How to ask for a raise -- and get it

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By Catherine Holland By Catherine Holland
By Catherine Holland By Catherine Holland

PHOENIX -- On average, women in the U.S. working full time were paid 78 cents for every dollar that men earned in 2013, according to Census figures. But asking for a raise can be difficult at best. Many people, particularly women, dread the conversation.

Microsoft CEO Satya Nadella recently said women do not need to ask for a raise and should just trust the system to pay them well. Responding to criticism on social media, he said not asking for a raise is "good karma."
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Nadella later apologized for his remarks, saying he answered the question "completely wrong."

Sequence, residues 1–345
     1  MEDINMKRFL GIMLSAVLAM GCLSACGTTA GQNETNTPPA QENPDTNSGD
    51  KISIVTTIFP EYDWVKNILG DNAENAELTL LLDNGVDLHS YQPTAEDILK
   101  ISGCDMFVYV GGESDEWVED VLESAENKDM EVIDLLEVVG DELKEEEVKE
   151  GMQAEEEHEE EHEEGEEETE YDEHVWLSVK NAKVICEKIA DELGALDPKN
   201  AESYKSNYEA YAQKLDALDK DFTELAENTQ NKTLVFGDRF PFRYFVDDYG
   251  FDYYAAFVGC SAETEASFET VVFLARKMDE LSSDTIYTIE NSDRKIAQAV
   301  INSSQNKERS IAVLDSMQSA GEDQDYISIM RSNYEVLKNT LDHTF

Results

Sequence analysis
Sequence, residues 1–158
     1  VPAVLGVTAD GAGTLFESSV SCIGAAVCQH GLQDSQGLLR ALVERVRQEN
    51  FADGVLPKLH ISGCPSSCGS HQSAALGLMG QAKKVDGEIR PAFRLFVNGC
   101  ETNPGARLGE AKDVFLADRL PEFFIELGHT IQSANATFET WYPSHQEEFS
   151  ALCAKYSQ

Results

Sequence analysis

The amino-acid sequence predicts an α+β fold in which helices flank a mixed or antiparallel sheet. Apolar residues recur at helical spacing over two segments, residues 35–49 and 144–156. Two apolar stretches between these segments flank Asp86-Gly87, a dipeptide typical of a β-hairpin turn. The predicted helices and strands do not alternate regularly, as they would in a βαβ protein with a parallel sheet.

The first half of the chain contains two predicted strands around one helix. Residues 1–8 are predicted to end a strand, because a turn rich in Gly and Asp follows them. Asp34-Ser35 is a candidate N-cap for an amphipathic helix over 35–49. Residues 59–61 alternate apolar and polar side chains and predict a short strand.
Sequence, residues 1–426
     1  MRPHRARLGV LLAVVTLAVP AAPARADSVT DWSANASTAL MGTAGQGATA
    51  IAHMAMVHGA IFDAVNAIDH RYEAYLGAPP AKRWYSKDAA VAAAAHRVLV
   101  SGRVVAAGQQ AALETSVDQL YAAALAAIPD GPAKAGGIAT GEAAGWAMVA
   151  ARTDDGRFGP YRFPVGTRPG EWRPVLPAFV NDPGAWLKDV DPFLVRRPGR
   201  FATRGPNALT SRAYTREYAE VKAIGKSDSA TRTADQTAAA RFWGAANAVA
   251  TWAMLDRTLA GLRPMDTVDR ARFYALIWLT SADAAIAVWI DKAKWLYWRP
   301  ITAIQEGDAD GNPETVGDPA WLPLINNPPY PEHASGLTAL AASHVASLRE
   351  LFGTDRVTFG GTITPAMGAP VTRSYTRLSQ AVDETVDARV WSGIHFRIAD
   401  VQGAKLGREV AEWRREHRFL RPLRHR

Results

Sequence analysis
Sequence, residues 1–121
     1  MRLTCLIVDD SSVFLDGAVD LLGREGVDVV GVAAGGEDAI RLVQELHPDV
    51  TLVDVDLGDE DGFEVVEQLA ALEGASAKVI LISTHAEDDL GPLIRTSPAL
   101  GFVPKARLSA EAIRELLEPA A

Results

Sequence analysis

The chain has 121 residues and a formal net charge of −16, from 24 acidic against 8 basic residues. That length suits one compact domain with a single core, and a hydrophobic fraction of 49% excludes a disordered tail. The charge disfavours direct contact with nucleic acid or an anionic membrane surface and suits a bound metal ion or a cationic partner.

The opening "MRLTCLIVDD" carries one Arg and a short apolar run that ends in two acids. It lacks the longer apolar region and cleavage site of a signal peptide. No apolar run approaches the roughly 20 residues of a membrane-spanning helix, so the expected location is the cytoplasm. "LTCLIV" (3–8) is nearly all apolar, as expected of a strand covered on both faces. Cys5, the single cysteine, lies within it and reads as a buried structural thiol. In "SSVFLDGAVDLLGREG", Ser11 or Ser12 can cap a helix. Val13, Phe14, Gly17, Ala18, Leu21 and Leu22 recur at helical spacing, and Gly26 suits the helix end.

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"If you think you deserve a raise, you should just ask," he wrote in a memo posted on Microsoft's website. He also stated unequivocally "men and women should get equal pay for equal work."

What should be and what is, however, are often very different, which is why The WAGE Project exists. WAGE is an acronym for "women are getting even."

Jean Johnson, a Work $mart facilitator with the YWCA, sat down with 3TV's Kaley O'Kelley to offer women some tips on approaching the topic.

It is essential, she said, to have quantifiable fact-based information about your contributions to the company. Specific examples are key.

  1. Know your value
  2. Focus on your ask
  3. Know the 4 Ps

Push back -- know how to respond

The Arizona YWCA Metropolitan Phoenix is hosting a Work $mart Event on Nov. 12 to teach women how to negotiate to be paid what they are worth. Click here for more information.

The Associated Press contributed to this article.